As a global initiative, the facility is expected to provide long-term financial and technical support to close the observations gap in a sustained manner, in particular in Least Developed Countries and Small Island Developing States.
The aim is to launch SOFF at the U.N. Climate Change Conference in Glasgow, COP26, and for it to be operational in 2022.
Notes for Editors:
The Hydromet Alliance aims to increase effectiveness and sustainability of hydromet investments through collective action. The members of the Alliance act within their respective resources and mandates and forge a collaborative partnership which recognizes and leverages respective competencies and expertise.
The Alliance is comprised of the following 13 members: Adaptation Fund; African Development Bank; Asian Development Bank; Climate Investment Funds; European Bank for Reconstruction and Development; Global Environment Facility; Green Climate Fund; Islamic Development Bank; United Nations Development Programme; United Nations Environment Programme; World Bank; World Food Programme; World Meteorological Organization.
The report was launched at a High-Level Political Forum special event co-hosted by the Alliance for Hydromet Development and the United Nations Department of Economic and Social Affairs.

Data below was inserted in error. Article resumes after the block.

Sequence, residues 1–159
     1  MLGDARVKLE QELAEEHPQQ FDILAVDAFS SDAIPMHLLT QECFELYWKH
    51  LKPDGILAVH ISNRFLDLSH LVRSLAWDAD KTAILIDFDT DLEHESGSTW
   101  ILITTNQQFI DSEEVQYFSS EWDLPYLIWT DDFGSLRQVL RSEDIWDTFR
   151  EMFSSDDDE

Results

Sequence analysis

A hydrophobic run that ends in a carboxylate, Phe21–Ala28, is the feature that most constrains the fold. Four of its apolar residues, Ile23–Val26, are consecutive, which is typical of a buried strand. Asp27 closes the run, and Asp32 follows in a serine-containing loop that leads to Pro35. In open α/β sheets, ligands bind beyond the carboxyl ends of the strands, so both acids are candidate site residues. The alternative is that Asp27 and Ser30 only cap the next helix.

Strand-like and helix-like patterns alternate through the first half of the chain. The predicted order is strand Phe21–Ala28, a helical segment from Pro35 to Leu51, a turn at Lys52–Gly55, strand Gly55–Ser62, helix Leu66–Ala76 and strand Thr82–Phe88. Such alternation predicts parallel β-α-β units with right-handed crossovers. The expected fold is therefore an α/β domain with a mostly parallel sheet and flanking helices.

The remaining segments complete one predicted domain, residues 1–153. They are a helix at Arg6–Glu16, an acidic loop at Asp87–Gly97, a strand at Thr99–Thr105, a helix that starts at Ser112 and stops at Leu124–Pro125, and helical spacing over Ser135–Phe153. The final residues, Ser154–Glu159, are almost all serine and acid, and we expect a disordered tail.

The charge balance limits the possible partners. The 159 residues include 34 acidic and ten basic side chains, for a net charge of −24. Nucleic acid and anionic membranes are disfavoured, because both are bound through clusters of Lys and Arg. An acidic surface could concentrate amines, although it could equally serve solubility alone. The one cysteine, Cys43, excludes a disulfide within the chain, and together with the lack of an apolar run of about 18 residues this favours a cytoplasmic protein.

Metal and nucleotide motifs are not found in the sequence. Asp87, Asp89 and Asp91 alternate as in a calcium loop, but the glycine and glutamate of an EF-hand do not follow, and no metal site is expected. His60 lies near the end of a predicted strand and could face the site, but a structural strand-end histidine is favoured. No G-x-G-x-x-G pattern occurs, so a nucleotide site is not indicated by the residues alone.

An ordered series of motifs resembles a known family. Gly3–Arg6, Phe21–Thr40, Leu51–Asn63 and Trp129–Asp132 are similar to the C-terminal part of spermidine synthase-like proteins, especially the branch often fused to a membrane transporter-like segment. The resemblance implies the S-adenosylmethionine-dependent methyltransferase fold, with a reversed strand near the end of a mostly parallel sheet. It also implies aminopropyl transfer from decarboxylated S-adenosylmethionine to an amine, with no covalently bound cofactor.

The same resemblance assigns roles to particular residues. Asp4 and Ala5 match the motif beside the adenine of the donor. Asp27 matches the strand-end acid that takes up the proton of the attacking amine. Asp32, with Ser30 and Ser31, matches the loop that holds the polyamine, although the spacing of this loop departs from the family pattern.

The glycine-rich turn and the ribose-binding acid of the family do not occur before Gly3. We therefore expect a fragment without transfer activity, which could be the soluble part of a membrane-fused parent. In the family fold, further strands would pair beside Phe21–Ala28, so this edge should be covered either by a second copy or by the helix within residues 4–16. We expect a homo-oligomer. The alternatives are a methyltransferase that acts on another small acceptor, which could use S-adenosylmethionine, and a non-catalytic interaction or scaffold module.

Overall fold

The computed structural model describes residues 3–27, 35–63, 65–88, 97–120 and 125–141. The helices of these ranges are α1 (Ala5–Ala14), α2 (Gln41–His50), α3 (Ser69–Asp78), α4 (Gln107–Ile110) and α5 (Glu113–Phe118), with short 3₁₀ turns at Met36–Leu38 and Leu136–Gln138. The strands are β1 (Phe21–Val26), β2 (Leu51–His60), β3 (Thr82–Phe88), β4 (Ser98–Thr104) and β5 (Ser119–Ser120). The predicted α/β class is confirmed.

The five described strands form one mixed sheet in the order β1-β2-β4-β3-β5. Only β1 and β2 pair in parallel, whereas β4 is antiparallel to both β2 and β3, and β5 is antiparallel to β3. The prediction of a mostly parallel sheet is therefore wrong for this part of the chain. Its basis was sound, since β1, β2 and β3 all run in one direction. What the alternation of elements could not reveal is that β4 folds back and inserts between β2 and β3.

Why we need to close the gap
“Providing Hydromet assistance to developing countries is key for scaling up and uniting efforts to achieve the common goal of closing the capacity gap on weather, climate, hydrological, disaster risk management, and related environmental services by 2030, and is critical to enable funders such as the Adaptation Fund to help the most vulnerable communities adapt and build resilience to climate change.” Mikko Ollikainen, Head of the Adaptation Fund
“Better weather forecasts and early warning systems would save millions of lives. Better climate analytics can also dramatically reduce climate physical and transition risks for businesses and preserve livelihoods.” Yannick Glemarec, Green Climate Fund Executive Director
“The Alliance partnership is important to the Bank and to Africa. It offers a platform to strengthen resilient development and climate adaptation through improved ground-based observing systems, leading to better weather forecasts of extreme events and climate prediction services,” Akinwumi A. Adesina, African Development Bank President
“Having access to the highest quality climate information for forecasts, weather and climate phenomena, including extreme weather events, is crucial.” Bandar M.H. Hajjar, Islamic Development Bank President
“In our region, we have significant gaps in weather observations, especially in our Least Developed Countries and Small Island Developing States, and that’s hampering the ability to respond and adapt to extreme weather events.” Bruno Carrasco, Asian Development Bank Director-General